To start this ‘going for it’ business, I got two massive maps of the UK from Stanfords travel bookshop alongside a Lonely Planet Great Britain . I carefully and painstakingly underlined all the places in the UK that related to death, disaster and the macabre throughout history, as well as all the best railway journeys in the UK, and linked the two together. Following the advice of my great friend Kashyap, the Budget Traveller, I also acquired a copy of the Rough Guide to the Best Places to Stay in Britain on a Budget.

The latter was invaluable when, at 6pm on a Sunday, I arrived at King’s Lynn station hoping to hop on the Coast Hopper Bus – only to realise that on a Sunday the last one leaves at 4pm, and that I needed to give a very nice taxi driver the postcode of Deepdale Farm where I was going to be staying, so he could put it into his GPS wotsit-magig and take me there.

A room of one's own for £24 a night in winter at Deepdale Farm Backpackers. © Sophie Collard

A room of one’s own for £24 a night in winter at Deepdale Farm Backpackers. © Sophie Collard

On 10th January, I left home with a suitcase filled with clothes and borrowed ski wear. The plan was a bit of the UK, followed by a ski train trip to the Jungfrau region, followed by more of the UK.

And this is when a revelation hit me. I wanted to see quite a few places, by train, in the UK that related to dark tourism. I had maps and descriptions. I knew how to split train tickets by booking different legs of a journey separately, and I knew that UK train rules from up high dictate that passengers are allowed to break their journey at any given station on any given route they are travelling, provided they do so on the day of travel.

I was headed to Deepdale Farm in Norfolk for a week, because I wanted to do some writing, I’m not wealthy enough right now to be able to afford an Arvon Foundation retreat, and the smell of woodsmoke is my favourite smell in the whole wide world. And it’s really cheap.

I had a train ticket from London to King’s Lynn. There was a replacement rail service from Ely. I had never been to Ely. There was a Cathedral in Ely that not only has a painted ceiling to rival the Sistine Chapel’s but also an architect who fell off the roof of to his death, and Oliver Cromwell’s House, which is ‘haunted,’ and the museum, which is housed in a very old gaol. Perfect. I tweeted the train operator for this route, First Capital Connect, and asked if it was possible to break the journey at Ely. It was, so I did.

Ely Cathedral Ceiling © Sophie Collard

Ely Cathedral Ceiling © Sophie Collard

On the way back from King’s Lynn, a week later, I noted that Cambridge was on the line to London. Lovely, can’t beat a stop in Cambridge. I got to King’s Lynn station and asked how much a train to London was. £33.50. This seemed awfully expensive, when it should have been £22.50 or something.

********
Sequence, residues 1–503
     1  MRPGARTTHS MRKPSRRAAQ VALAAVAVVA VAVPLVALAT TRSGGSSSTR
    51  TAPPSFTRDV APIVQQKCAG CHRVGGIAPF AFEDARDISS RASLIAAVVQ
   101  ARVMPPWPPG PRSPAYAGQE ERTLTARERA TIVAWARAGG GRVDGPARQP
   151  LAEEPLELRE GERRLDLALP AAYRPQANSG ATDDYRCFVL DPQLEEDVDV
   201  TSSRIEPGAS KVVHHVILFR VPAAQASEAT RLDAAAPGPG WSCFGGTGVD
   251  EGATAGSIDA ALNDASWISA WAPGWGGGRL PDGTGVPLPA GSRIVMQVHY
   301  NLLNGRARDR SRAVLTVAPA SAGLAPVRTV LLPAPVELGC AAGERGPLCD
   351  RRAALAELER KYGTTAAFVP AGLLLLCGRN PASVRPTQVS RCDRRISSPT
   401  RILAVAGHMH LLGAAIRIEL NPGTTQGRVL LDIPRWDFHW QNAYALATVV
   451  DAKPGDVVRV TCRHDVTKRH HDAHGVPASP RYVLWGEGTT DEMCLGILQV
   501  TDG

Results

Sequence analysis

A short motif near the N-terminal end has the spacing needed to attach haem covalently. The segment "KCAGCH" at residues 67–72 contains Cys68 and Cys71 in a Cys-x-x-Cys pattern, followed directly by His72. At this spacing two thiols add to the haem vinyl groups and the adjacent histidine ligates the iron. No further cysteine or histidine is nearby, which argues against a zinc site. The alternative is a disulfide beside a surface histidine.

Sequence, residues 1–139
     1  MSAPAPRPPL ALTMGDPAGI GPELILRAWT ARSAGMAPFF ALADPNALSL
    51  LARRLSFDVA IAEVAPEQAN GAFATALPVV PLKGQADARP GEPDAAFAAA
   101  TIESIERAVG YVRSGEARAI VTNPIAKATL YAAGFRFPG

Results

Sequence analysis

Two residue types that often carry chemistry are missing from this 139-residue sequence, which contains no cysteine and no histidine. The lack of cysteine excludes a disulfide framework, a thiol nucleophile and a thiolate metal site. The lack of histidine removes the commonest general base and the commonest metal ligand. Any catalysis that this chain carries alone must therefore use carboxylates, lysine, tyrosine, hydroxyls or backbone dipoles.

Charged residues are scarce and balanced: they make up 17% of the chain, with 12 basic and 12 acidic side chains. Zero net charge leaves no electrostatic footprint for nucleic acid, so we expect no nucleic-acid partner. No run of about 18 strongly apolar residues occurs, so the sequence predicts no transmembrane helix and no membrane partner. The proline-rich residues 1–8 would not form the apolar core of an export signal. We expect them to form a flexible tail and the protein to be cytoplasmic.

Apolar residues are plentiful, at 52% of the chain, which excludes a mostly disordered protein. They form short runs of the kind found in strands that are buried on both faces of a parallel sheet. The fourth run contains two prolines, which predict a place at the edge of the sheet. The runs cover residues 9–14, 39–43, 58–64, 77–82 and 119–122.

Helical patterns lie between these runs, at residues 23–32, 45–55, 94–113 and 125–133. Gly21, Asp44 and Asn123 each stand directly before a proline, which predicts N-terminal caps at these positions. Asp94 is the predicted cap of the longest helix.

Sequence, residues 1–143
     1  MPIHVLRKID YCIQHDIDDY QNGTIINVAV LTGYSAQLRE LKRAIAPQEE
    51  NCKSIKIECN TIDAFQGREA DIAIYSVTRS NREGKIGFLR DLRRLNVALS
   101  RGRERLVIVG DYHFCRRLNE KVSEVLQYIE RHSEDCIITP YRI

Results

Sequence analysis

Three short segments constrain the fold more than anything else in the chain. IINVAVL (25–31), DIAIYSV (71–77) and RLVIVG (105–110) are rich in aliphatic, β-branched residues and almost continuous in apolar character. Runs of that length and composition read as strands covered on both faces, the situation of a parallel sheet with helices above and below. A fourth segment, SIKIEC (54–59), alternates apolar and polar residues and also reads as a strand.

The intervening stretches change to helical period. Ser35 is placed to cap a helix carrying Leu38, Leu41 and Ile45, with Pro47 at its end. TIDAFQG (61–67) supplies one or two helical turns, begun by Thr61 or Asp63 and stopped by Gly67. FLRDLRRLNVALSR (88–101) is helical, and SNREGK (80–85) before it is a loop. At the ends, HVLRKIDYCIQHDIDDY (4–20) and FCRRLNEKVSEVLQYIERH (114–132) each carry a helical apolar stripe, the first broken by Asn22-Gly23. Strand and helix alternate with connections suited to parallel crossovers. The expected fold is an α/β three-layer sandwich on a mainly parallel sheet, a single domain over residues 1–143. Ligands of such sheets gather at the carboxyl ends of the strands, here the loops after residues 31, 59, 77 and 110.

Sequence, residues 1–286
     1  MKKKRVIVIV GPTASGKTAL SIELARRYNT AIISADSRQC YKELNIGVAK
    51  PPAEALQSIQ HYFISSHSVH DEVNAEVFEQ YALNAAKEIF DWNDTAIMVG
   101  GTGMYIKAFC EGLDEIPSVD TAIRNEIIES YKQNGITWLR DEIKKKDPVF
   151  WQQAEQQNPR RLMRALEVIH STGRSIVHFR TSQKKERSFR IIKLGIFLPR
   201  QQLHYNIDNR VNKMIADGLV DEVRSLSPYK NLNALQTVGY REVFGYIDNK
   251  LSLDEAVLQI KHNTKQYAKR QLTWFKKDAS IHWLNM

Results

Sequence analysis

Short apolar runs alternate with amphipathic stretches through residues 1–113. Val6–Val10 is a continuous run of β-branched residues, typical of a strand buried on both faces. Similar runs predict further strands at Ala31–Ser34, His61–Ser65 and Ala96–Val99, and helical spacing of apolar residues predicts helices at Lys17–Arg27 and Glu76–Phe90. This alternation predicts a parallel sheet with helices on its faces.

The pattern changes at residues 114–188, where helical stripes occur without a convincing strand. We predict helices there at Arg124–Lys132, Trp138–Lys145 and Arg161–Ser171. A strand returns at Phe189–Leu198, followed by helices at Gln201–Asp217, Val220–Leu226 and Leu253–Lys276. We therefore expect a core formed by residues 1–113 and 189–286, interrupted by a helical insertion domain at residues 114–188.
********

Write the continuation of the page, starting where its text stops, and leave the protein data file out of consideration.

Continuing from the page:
‘That’s at weekends,’ the man in the ticket office said.

‘What. A. Load. Of. Crap,’ I thought.

So I asked if I could just purchase King’s Lynn to Cambridge for £9.50. I did. I went. I saw. And then when I got to Cambridge station (taking the park and ride into town and back, which is a bitch to walk to with a suitcase otherwise) I checked for the cheapest of the two trains available – one goes to King’s Cross, one goes to Liverpool Street – I saw that the slow one to Liverpool Street, which was the area I wanted to be in anyway, was £15.90. This meant the total fare for that day, on the day, King’s Lynn to Liverpool Street with a long pause in Cambridge, was £25.40.

Sidney Sussex College, Cambridge, Where Oliver Cromwell's head is buried © Sophie Collard

Sidney Sussex College, Cambridge, Where Oliver Cromwell’s head is buried © Sophie Collard

I don’t think the man in the ticket office was altogether impressed when I exclaimed, ‘I WIN!’

Empowered by this cheap train ticket win, I happily opened my Lonely Planet Great Britain and looked for the next trip which would follow after the train to Switzerland and back. Bristol, my hometown, then back to London.

And what’s this? What is on the line to London from Bristol? Well lot’s of places, including Swindon, where the STEAM museum is, but I’ve been to the STEAM museum, and Swindon is boring (sorry Swindon), so the answer is actually Didcot Parkway. And not because I’m looking to hang out in Didcot Parkway, but because Didcot Parkway is the gateway to Oxford.

Here’s how it will work. Following a wonderful excursion to the Jungfrau region by Eurostar, TGV Lyria, SBB and Jungfraubahn, I treated myself to a walk-up open return to Bristol, where I am sitting right here, right now, just like the Fatboy Slim song says.

On the return to London, where I will be taking afternoon tea with the wonderful Laura Porter of about.com fame, I can break my journey at Didcot Parkway, where, get this, a return to Oxford is a mere £6. £6! For all the joys of the Pitt River’s Museum and its shrunken heads, and Oxford Castle and its grizzly history, and all the pubs for gnomes…